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Education's key resource: parents

In our country, the right to a public education is guaranteed to all students. Strong relationships must be forged between families and schools to ensure the success of learning for all. These relationships do not occur by accident but are intentional. There is a great responsibility on schools to reach out to parents, welcome them and invite them to share critical information and opinions through meaningful discussion. There is also a great responsibility on parents to become fully engaged in their child's learning.

For parents of very young children, their first formal venture into the education system might occur when choosing a child care center. When they see bright, shiny colors, carpeting and new computers, they often feel the center must be a positive one for their child. What they rarely explore are the credentials of the teachers, the stability of the staff, and the quality of the curriculum being offered. New efforts are underway by some states to rate these early childhood facilities on those important components. Discerning parents must use this information to make a fully informed decision for the best placement for the child.

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From birth through age 18, we think that children spend the majority of their time in school. But the actual statistics are quite staggering. Allowing for the recommended average of nine hours of sleep per night for ages 5 to17 and allowing an average of 12 hours per day for birth to 4, most students spend 18.8 percent or more of their "awake" hours in school over a year. The remaining time is spent on other pursuits.

Obviously, how parents use time away from school is important in a child's development. At home, parents must be continuously emphasizing the importance of learning to their child's future and the value of it. This means asking children what they are doing in school, examining their work, extending the topics being discussed in school and serving as a continuing teacher, although in a different format. Parents have long been advised to expose children to reading materials and to read with them, or to them. But, many parents don't know the importance of conversing with their children; talking, interacting, including children in problem-solving and discussions about day-to-day decisions made in the family. Outside of the home, parents also have the responsibility to provide their children with time to explore hobbies, sports and other talents and interests. How fortunate we are that, in Maryland, parents have access to world class libraries and museums.

In addition, parents need to become sophisticated advocates and consumers of education. A nationwide Gallup poll found that fewer than a third of school superintendents surveyed believe that parents in their districts have a solid understanding of their school's academic model and curriculum. National surveys tell us that even when schools are performing very poorly, parents rate their child's school as satisfactory. Parents are often blinded to the reality of the effectiveness of their school. Parents need to build strong, meaningful relationships with the personnel in the schools their children attend. They should visit classrooms when appropriate, and keep in touch with the teachers on a regular basis. They should review the student's work and do their best to ensure the student's educational needs are being met. When there are new academic standards set, or new assessments administered, parents need to understand the purpose and the quality of those standards and assessments. They should not be satisfied to rely on the newest social media discussion, which can be superficial, flawed or politicalized. They should learn the perspectives of the administration and teachers in their child's school instead.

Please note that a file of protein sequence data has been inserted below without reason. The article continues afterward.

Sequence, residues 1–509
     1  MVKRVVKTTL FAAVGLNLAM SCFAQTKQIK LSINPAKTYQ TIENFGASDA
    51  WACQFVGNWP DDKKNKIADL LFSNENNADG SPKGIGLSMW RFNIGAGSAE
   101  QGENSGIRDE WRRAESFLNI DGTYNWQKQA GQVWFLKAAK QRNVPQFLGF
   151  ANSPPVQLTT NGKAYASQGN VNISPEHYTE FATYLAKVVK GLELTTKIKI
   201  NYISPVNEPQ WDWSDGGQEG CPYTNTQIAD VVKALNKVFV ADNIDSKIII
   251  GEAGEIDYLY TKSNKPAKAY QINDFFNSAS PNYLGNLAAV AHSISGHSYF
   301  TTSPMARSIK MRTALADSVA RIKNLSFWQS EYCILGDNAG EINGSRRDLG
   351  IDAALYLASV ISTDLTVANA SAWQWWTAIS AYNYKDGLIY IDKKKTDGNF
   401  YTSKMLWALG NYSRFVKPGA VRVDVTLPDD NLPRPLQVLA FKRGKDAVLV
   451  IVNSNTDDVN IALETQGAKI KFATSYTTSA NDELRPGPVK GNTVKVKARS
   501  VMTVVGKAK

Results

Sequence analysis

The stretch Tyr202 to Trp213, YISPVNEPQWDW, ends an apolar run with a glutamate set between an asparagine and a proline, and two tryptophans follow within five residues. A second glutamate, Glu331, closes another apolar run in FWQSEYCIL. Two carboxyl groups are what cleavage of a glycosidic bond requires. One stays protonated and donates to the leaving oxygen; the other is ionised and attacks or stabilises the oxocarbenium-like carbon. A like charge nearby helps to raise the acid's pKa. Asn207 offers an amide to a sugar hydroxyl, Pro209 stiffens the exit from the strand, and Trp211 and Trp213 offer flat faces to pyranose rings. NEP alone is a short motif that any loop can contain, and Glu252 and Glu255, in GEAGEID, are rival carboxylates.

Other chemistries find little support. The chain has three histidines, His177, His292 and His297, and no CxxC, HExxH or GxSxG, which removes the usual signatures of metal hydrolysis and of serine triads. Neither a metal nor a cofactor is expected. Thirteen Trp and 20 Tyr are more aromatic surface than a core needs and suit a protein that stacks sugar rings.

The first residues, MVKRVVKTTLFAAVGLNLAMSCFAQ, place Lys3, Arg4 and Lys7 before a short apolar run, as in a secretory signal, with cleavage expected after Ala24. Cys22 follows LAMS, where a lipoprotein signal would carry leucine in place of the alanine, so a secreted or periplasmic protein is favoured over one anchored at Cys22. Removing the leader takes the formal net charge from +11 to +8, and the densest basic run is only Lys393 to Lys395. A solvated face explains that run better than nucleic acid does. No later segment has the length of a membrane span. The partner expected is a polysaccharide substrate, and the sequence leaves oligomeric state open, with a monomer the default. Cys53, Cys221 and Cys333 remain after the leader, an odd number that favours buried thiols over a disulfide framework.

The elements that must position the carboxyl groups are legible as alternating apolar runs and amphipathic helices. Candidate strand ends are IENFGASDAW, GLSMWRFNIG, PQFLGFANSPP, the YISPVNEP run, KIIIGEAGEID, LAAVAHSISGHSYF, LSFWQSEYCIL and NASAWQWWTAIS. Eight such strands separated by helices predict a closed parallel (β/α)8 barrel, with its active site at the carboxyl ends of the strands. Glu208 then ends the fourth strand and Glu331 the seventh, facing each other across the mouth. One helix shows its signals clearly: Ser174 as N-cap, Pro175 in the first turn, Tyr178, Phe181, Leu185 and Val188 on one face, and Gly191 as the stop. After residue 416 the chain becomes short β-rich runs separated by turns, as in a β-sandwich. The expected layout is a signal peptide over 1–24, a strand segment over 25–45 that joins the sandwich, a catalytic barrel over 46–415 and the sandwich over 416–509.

We have heard incredible stories of parents, grandparents and other guardians, some with limited education themselves, who have supported and inspired their school-aged charges to work hard, persevere and excel academically. They had high expectations for the students and made those expectations clear. Those students have gone on to be incredibly successful members of society, some of them despite difficult challenges and impossible odds. These are the most palpable examples of the positive influence parents can have on student success — and the responsibility they have in determining the child's future. What kind of country would we have if every student had a similar advocate?

Nancy S. Grasmick is a presidential scholar at Towson University and a former Maryland superintendent of schools. Her email is ngrasmick@towson.edu.

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